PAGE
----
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How to Calculate Your Adjusted Gross Income (AGI)

Tax season is going to be here before you know it. While taxable income is usually the most important aspect of filing your taxes, your adjusted gross income is the determinant factor for how much you’ll pay. To avoid shock, you can calculate your adjusted gross income ahead of time, and here’s how. 

Before Determining AGI

Do you need to file your taxes? Determining your adjusted gross income is unnecessary if you don’t need to file your taxes. The minimum requirement to file your taxes if you’re under 65 and single is $10,350 unless you’re self-employed. For those who are self-employed, the minimum income requirement is $400. 

This means that if you make under this amount, you may not need to file your W-2. The number increases if you are over 65, head of the household, or married. However, if you are married and filing separately, the minimum W-2 requirement is $4,050. You can find the whole list of minimum W-2 requirements here

Gather Your Income Statements

The first step to calculating your adjusted gross income is to gather all of your income statements. These are any documents related to income you received throughout the year. This can be, but isn’t limited to:

  • Taxable refunds, credits, or offsets of state and local income taxes
  • Alimony
  • Business income
  • Capital gains or losses
  • Other gains or losses
  • Distributions from retirement accounts that are taxable
  • Rental real estate, royalties, partnerships, S corporations, trusts, etc.
  • Farm income
  • Unemployment compensation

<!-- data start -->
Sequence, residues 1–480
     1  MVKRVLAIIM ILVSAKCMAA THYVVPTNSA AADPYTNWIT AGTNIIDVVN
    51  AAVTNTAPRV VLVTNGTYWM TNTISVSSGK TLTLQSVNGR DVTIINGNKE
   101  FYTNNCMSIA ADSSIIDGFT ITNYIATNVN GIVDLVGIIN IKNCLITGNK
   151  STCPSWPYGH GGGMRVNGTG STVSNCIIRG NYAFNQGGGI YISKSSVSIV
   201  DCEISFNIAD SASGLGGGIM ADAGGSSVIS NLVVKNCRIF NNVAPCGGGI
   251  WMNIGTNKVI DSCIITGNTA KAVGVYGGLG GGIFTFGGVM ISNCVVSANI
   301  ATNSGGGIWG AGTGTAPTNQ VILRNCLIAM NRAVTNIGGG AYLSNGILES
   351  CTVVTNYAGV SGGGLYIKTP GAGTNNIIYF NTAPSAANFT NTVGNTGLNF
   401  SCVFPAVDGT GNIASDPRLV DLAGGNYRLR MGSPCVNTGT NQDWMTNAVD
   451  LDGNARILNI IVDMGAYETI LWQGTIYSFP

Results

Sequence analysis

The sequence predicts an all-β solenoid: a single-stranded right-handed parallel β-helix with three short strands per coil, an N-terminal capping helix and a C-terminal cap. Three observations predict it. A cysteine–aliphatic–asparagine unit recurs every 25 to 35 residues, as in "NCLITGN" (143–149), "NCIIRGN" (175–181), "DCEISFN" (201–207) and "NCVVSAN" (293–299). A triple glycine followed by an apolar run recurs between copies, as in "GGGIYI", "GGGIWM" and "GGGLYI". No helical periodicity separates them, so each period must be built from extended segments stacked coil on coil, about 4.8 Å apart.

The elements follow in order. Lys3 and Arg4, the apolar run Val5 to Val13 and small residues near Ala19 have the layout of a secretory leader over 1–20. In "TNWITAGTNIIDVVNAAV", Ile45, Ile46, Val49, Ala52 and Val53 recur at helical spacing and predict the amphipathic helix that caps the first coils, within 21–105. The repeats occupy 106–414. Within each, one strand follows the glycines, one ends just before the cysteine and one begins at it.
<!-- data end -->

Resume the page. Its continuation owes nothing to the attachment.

• Social Security benefits
  • Other income not reported elsewhere on your tax return

When you have all the documents, begin to calculate the sum of all of these amounts. The sum is what’s known as your “total income.” This is the sum of money you received throughout the year. 

Subtract Deductions and Expenses

The more deductions and expenses you have, the better. This lowers the amount of total income you have and decreases the amount of taxes you may owe during tax season. Some of the most popular deductions and expenses include: 

  • Educator expenses, which applies to eligible teachers for up to $250
  • Certain business expenses of reservists, performing artists, and fee-basis government officials
  • Health savings account deduction
  • Moving expenses
  • Deductible part of self-employment tax
  • Self-employed SEP, SIMPLE, and qualified plans
  • Self-employed health insurance deduction
  • Alimony
  • Deduction for contributions made to your traditional IRA
  • Student loan interest deduction
  • Tuition and fees
  • Domestic production activities deduction

You are only allowed to subtract certain amounts from your income, so be sure the deductions and expenses you’re using are valid. For example, for moving expenses, your new workplace must be at least 50 miles farther from your old home than your new job location was from your old home. Check with the Internal Revenue Service or your tax preparer to see if your deductions are eligible. 

Your Adjusted Gross Income

Once you’ve subtracted your deductions and expenses from your total income, this is your adjusted gross income. It can be difficult to calculate your accurate AGI, so be sure to work with a professional if it’s your first time. You can also use an AGI calculator to do all the work for you, but this type of tool still doesn’t assist you if you aren’t sure whether your deductions are valid.

Last Updated: December 02, 2016